For Hangama Amiri’s first ever museum solo show, “A Homage to Home” at the Aldrich Contemporary Art Museum in Ridgefield, Connecticut, she explores the evolving definition of home. Reflecting on her own journey fleeing Afghanistan as a child, the artist reframes home as a concept in flux and one that is about the person more than the place. Her large, mixed-media textiles resemble a bazaar and transport the viewer to the vibrant streets that were bustling places of commerce and culture, scenes drastically different today under Taliban rule. Visually stunning and emotionally charged, “A Homage to Home” is a poignant reminder of the tenuous state of liberty, as well as a celebration of resistance.
Amiri was only seven when her family was forced to flee the Taliban in Kabul in 1996. They relocated to Central Asia before immigrating to Canada in 2005 and the U.S. in 2015. During this time, life in Afghanistan, in particular for women, changed radically. When the Taliban were overthrown in 2001, women suddenly became present in public spaces, and the material culture followed suit. Banners advertising women’s services, from salons to beauty products, proliferated. In 2021, the return of the Taliban brought a severe shift, stripping away rights and forcing women inside. The banners and businesses for women were defaced and shuttered. This devolution of her origins is at the heart of Amiri’s work.
“Home is less about the physical reality for a person or a community. It has more to do with feelings and memories that one chooses to carry,” Amiri says. “Since the Taliban seized Afghanistan in 2021, a fundamental question that keeps coming back to me is Where am I even from? Will this homeland be remembered, reconciled, or celebrated the way I remembered? Will I be a forgotten identity?”
Amiri hones in on changes under the Taliban by depicting women and exploring their roles in society. For women in Afghanistan today, home is both a form of self-expression and entrapment. Amiri shows her subjects in intimate domestic settings in quiet solitude. Images of women also appear on textiles resembling the now missing advertisements for beauty products. These representations of Afghan women show their resilience. Amiri’s subjects display many of the colors, materials, and attitudes suppressed and forbidden under the Taliban. “For me, women making a simple gesture to care for each other, flaunt their beauty, skin color, hair, or body are all forms of resistance against the long history of oppression and inequality,” she says.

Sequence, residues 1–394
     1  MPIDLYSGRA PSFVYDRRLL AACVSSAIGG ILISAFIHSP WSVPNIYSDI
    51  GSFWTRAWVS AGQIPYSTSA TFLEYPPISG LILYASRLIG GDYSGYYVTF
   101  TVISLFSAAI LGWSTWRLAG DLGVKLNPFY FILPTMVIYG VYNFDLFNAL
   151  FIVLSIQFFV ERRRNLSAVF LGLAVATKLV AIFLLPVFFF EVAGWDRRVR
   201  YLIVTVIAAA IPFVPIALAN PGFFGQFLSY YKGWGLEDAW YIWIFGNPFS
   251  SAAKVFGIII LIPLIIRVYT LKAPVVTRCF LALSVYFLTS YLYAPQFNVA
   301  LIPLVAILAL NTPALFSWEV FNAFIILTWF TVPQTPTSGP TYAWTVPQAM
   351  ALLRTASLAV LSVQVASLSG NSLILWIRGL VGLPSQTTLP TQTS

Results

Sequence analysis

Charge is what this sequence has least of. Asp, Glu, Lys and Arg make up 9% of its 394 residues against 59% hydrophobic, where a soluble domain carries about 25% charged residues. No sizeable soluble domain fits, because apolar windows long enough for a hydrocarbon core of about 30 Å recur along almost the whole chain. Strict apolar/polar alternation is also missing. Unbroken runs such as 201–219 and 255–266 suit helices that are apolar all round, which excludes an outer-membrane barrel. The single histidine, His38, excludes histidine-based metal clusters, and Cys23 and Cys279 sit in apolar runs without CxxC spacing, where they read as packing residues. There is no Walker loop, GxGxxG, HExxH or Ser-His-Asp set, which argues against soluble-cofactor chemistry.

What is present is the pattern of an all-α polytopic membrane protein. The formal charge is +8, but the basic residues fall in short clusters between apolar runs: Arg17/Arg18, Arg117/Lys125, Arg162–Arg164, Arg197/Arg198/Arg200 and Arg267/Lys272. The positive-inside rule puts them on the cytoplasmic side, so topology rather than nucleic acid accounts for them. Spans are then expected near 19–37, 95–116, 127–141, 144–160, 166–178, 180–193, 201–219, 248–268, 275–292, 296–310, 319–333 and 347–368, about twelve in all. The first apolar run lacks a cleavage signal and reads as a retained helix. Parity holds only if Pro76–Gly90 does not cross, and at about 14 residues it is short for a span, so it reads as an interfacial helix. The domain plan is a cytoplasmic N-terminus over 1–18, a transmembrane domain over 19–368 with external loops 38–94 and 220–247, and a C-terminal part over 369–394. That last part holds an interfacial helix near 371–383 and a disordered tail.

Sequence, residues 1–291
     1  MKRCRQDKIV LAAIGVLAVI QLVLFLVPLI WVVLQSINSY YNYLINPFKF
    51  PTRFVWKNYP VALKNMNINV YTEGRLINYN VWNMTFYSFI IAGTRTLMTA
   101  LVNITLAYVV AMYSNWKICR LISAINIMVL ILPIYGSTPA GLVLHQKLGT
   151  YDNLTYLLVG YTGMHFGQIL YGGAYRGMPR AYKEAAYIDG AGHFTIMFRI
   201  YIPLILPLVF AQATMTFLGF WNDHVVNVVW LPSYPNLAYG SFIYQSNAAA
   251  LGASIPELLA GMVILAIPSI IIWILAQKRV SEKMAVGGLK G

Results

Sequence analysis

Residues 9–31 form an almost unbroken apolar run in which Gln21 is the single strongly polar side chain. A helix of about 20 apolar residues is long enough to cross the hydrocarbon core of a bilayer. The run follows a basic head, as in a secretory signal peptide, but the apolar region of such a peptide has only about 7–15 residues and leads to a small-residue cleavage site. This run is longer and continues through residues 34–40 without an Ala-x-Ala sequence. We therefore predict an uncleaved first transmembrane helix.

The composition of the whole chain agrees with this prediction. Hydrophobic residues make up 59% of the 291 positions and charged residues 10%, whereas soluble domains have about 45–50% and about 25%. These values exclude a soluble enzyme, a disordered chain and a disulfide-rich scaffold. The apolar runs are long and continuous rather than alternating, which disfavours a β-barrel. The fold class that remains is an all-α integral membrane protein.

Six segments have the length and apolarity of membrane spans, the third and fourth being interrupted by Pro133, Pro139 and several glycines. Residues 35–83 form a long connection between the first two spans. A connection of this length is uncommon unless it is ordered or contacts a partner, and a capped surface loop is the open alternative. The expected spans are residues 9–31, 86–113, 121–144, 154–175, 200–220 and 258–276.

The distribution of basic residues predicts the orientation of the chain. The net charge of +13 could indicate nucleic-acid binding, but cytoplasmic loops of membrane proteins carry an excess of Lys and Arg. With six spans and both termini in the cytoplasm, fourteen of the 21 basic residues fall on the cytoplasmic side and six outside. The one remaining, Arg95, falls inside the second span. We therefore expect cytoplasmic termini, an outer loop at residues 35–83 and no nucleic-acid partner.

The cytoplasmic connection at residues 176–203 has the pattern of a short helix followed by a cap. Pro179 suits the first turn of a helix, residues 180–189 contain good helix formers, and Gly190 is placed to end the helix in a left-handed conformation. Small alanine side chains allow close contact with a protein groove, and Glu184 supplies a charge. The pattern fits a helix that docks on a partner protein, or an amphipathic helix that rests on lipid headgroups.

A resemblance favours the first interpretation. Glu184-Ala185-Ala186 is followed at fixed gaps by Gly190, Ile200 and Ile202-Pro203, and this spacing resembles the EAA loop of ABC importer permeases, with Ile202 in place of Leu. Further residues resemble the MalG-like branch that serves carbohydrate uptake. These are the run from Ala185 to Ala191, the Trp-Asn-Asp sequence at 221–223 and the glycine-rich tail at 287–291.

Amiri honors the women in her own life and the legacy of creative, courageous women in Afghanistan. The materials themselves, often found, gifted from friends, and purchased from Afghan-owned businesses, hold meaning and represent the communities from which they are sourced. Using textiles connects Amiri with the women in her family who taught her to sew. Through all of these connections, Amiri celebrates home as a sense of community and culture of mutual care.
She also highlights the uncertain future for women under the Taliban. In Recess, 2022, a group of women stand outside a row of buildings in the distance. Resembling an assemblage of schools, the structures represent one of the rights now forbidden under Taliban law. Similar scenes showing women’s evolving place in society unfold throughout the show. Salons and bazaars once owned by and run for women are empty, their beauty products and vibrant goods remain untouched.
Despite the gravity of the subjects, Amiri weaves hope into her work. “There is strength in the women Hangama portrays and that is the joy to be found,” says exhibition curator Amy Smith-Stewart. “Hangama highlights the tenacity and ingenuity of women in Afghanistan and all over the planet who, despite the oppositions to their freedoms, continue to resist and defy the odds.”
As someone who went through trauma and displacement, Amiri’s story is one of hope and perseverance. “I have always been interested in shedding light on hope for the women of Afghanistan,” says Amiri. “I share stories so that others in similar situations can find consolation, solidarity, and aspiration. The message behind my work is that we shall rise again, again, and again.”
“A Homage to Home” is on view at The Aldrich Contemporary Art Museum from February 5 to June 11, 2023 at 258 Main Street, Ridgefield, Connecticut 06877.